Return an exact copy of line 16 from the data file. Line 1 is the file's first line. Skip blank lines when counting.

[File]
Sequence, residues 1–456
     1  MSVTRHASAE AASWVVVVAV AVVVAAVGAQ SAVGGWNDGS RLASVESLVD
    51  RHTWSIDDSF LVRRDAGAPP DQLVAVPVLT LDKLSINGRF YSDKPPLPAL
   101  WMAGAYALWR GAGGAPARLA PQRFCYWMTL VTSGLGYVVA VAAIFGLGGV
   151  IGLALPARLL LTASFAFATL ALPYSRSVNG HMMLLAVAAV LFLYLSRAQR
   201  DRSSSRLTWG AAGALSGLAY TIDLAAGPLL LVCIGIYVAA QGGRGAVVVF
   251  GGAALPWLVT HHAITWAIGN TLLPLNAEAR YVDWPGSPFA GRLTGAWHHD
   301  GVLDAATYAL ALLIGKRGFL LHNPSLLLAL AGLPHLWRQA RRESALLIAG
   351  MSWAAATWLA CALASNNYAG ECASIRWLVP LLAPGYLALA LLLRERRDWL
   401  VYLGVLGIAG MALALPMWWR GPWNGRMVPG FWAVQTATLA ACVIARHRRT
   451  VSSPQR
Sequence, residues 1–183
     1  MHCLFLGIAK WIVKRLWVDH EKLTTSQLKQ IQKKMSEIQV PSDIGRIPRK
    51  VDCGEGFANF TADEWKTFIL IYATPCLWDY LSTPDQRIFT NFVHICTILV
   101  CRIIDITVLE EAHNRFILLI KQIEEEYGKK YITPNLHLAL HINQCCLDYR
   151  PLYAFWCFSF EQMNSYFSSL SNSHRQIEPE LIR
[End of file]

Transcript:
   151  PLYAFWCFSF EQMNSYFSSL SNSHRQIEPE LIR